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Home | Sample Articles | Five Principles of Good Defending

Five Principles of Good Defending

Most great teams are built from the back. A stronghold from which you will break your oppositions attack and set up your counter. Strength and depth are required in defense. Weakness in this key area will leak goals and provide a steady platform on which you can build.

But, defending is not limited to the defenders! When ever your team loses possession, they lose control of the game and should therefore be looking to win back the ball. I have a saying that I use with our players, "if we don't have the ball we can't control the game." As I said defending should start the moment your team loses possession.
Junior Soccer Coach - Effective Defending
   Junior Soccer Coach - Effective Defending

A well organised and cohesive team should follow the following 5 steps:

  • Principle 1 - Immediately give chase and apply pressure
  • Principle 2 - Get back
  • Principle 3 - Mark a man
  • Principle 4 - Zonal defending
  • Principle 5 - Attack man and ball Lets look at these five steps in further depth.

    Principle 1 - Immediately give chase and apply pressure

    How often do you see an attacking player lose the ball in a tackle and then give up? Happen in your team? Probably, that's because its only human nature when the ball is lost, a player will want to take a break. But when this happens, and they rely on others they are out of the game, and are no longer useful to the team. Players should be coached to immediately give chase when they have lost out. By applying pressure to the opponent on the ball, your players are trying to force an error out of the opponents. As a player, there is nothing worse than having no time on the ball, no space to run into or having team mates that are tightly marked. In this instance, if your players applies pressure, he will make the opponent nervous, force an error and even if they don't win the ball back chances are that some else in your team will.

    Principle 2 - Get back

    Once your team has lost the ball, lets say it in the last third of the pitch, your strikers should become your first line of defense. They engage in Step 1 and apply pressure, if successful your midfield will pick up any mis-placed passes. However, if your strikers are unsuccesful in forcing an error the midfield players should then be trying to delay an attack. You may have a particular set up in midfield, by wanting your opponents to attack down the flanks as your defenders are arially superior, you may have your midfield strutured to force the attack through the centre where you overload the middle and crowd the opposition out. Whatever is your tactic, your midfield should be slowing the attack down, so that your defenders and goal keeper have enough time to get properly organised.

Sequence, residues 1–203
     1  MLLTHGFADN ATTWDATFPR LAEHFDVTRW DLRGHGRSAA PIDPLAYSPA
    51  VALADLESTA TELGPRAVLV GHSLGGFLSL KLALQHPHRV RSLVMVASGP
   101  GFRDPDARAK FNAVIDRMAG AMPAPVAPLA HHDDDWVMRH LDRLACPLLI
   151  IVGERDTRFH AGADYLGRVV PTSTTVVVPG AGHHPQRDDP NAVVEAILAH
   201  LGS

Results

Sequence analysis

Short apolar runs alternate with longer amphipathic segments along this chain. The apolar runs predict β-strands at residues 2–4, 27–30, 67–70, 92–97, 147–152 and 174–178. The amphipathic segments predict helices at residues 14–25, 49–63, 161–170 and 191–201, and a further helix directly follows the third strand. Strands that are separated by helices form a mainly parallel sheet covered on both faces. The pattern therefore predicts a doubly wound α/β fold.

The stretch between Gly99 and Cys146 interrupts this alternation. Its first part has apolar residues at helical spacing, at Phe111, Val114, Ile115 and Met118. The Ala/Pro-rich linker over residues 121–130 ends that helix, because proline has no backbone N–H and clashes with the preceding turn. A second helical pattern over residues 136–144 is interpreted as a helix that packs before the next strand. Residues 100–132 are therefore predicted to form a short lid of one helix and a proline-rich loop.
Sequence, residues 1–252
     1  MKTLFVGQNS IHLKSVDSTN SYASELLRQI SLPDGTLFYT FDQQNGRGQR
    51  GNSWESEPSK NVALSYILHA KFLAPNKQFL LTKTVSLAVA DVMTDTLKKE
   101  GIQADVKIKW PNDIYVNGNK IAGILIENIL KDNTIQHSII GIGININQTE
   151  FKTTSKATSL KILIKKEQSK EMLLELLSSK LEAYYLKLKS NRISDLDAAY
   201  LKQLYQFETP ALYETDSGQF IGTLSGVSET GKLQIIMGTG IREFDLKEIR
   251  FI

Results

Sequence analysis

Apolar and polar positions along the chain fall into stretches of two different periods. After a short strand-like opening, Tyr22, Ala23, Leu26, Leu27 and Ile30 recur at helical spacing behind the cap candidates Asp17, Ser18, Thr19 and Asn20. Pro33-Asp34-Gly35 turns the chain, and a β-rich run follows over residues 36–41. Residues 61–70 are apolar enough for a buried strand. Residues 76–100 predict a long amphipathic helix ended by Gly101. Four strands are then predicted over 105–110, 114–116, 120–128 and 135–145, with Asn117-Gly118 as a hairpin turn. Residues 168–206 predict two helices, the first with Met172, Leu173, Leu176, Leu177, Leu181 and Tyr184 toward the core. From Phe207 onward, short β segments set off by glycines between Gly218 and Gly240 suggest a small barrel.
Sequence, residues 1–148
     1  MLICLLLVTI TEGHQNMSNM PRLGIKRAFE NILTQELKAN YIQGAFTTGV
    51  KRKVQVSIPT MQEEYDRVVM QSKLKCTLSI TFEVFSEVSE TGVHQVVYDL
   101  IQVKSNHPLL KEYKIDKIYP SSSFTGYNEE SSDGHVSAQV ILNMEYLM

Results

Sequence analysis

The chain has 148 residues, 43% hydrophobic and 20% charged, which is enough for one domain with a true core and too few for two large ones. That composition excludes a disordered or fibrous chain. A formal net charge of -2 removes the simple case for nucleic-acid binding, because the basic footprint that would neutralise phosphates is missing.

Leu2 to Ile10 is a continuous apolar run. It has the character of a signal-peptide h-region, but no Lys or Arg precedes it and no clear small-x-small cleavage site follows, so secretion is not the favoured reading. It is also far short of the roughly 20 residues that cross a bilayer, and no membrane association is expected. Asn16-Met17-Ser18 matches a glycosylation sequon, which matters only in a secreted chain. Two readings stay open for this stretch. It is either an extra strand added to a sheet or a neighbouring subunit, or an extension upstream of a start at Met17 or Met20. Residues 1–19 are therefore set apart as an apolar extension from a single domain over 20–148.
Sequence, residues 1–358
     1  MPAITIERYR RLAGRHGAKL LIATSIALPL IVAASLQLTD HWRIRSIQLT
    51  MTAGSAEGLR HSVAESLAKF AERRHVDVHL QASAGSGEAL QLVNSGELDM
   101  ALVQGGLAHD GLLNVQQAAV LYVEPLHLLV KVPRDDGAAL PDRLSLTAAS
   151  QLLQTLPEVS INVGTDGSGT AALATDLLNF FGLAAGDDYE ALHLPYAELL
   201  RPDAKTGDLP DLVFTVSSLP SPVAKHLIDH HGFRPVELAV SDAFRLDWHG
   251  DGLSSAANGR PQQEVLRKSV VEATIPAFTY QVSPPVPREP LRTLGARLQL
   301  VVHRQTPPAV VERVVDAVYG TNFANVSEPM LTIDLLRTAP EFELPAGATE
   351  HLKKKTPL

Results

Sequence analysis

Principle 3 - Mark a man

    Players should be developed to understand that when they are defending, they should keep themselves between the attacking opponent and their goal. When marking players, the general rule is the closer a ball comes to the man your player is marking the tighter they should be on them. Conversely, the further the ball is away the need to be close is lesser. A defender should be controlling his man and the ball. Any passes made to the attacking opponent should be forced to be infront of your defender and not into the space behind him. If a ball is played behind the defender for the attacker to run on to, your defender should have positioned themself to see this and be able to turn quickly and beat the attacker to the ball. If the defender is beaten to the ball, they are at least giving chase, applying pressure and should be able to get a tackle in as soon as the attacker is trying to get the ball under his control.

    Principle 4 - Zonal Defending

    When trying to foil an attack, you should coach your players to man to man mark on the field where the ball is closest. Further away, zones should be covered which give maximum strength and depth to your defense.

    Principle 5 - Attack man and ball

    Robust, solid, well timed tackles will not only win the ball but will enable your defenders to quickly develop a counter attack. If your defenders are well organised and good use is made of the zones, tackles are not necessarily required as they can read the build up of play and intercept passes. Coach players not to go diving in, their decision making should be developed to know when to execute a tackle, when to stand a man up and when to use ghost tackles to force the attacker to reveal their intentions and wrong foot them.  

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